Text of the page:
In From the Closet to the Altar, [Klarman] tells the remarkable story of the legal, political, and cultural struggle over marriage equality. But even as he chronicles the almost unheard-of progress on this issue in the past two decades, Klarman argues that each judicial advance has been met with a forceful political reaction, at substantial cost to gay rights and to liberal causes more generally.How He Got It Right," in which he reviews The Signal and the Noise: Why So Many Predictions Fail—But Some Don’t (Penguin, 2012), by Nate Silver; The Physics of Wall Street: A Brief History of Predicting the Unpredictable (Houghton Mifflin Harcourt, 2013), by James Owen Weatherall; and Antifragile: Things That Gain from Disorder (Random House, 2012), by Nassim Nicholas Taleb.
In the New York Times, you'll find a review of A Man of Misconceptions: The Life of an Eccentricin in an Age of Change, by John Glassie (Riverhead Books, 2012). The "eccentricin" in question is "one of history’s more bizarre and largely forgotten thinkers, the 17th-century Jesuit priest Athanasius Kircher."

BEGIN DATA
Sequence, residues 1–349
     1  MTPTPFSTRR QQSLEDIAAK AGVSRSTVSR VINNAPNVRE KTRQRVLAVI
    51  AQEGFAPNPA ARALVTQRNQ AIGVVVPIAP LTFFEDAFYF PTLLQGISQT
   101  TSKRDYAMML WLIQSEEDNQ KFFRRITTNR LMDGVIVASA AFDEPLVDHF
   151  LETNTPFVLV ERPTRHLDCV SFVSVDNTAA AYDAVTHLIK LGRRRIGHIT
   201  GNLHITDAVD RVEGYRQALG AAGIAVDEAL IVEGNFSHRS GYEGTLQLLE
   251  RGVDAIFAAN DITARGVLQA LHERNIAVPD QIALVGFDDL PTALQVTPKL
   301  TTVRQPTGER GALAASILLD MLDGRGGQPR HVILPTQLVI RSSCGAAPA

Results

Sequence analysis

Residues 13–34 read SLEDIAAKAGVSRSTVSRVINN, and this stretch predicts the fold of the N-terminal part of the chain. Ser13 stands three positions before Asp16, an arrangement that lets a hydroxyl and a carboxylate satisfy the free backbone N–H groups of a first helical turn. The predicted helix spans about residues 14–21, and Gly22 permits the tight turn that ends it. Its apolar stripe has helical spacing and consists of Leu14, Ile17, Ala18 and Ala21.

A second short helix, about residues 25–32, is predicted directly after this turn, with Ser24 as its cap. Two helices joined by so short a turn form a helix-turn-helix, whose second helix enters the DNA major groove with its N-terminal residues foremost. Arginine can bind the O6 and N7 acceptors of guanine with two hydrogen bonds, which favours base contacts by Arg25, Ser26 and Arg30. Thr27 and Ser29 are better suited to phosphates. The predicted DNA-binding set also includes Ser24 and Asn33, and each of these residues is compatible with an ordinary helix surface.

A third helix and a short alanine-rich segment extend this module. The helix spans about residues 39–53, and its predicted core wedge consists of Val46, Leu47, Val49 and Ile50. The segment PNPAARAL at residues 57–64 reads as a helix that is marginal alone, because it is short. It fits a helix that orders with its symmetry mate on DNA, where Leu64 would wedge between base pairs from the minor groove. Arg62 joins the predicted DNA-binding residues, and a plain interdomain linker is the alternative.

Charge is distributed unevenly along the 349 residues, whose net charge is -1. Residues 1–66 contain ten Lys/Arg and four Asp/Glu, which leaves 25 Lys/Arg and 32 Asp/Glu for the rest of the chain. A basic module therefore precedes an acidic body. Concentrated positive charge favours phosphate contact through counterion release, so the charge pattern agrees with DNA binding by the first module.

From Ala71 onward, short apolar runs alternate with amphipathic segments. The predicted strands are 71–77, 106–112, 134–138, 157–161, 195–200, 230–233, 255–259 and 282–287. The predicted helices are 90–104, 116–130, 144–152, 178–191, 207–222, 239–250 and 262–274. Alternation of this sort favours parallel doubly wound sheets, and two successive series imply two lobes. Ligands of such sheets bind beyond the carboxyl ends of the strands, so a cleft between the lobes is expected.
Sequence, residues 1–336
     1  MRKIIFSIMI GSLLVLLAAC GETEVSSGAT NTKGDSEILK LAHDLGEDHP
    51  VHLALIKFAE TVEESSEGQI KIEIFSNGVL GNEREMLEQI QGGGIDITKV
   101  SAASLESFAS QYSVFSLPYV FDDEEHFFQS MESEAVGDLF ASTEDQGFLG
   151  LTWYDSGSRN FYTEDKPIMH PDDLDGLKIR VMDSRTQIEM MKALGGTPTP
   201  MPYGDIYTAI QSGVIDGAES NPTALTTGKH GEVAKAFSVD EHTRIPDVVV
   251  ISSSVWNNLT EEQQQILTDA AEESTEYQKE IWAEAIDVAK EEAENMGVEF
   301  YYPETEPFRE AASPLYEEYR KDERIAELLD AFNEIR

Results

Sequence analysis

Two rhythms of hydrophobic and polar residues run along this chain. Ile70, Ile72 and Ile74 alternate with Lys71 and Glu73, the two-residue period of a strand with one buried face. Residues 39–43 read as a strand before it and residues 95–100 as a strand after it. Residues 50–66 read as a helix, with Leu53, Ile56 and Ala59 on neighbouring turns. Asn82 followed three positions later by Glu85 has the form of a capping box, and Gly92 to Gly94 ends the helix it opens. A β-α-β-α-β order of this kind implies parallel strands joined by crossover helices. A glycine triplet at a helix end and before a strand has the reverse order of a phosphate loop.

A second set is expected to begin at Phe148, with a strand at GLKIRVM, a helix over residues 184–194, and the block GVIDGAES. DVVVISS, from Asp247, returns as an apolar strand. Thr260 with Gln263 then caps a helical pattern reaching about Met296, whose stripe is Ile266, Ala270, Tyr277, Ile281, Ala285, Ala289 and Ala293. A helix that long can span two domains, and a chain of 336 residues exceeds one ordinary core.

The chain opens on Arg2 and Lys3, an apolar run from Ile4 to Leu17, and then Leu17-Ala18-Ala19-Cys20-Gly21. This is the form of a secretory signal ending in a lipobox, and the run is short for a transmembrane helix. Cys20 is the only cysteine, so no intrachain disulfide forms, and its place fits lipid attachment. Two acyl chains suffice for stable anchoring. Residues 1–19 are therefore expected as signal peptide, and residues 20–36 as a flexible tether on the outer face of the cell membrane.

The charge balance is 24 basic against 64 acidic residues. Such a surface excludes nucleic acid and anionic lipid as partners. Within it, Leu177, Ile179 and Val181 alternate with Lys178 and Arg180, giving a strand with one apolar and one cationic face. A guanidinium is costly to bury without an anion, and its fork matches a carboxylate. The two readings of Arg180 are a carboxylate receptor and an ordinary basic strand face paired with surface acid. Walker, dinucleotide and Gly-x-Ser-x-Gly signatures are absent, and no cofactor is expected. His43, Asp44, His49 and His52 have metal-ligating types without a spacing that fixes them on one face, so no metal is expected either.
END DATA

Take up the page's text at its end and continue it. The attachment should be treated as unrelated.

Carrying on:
The Barbarous Years: The Peopling of British North America: The Conflict of Civilizations, 1600-1675 (Alfred A. Knopf, 2012), by Bernard Bailyn (here).
And just for fun -- check out the NYT's slideshow of "favorite book cover designs of 2012."
A book making the rounds of the book pages this week is The World Until Yesterday: What Can We Learn From Traditional Societies? (Viking, 2012), by Jared Diamond. The Los Angeles Times reviews it here. The Guardian covers it here. It is also featured in the Times Higher Education magazine this week, here, along with Becoming Right: How Campuses Shape Young Conservatives (Princeton University Press, 2013), by Amy J. Binder and Kate Wood, here.
From NPR: Listen to or read coverage of Detroit City Is the Place to Be: The Afterlife of an American Metropolis (Metropolitan Books, 2012), by Mark Binelli.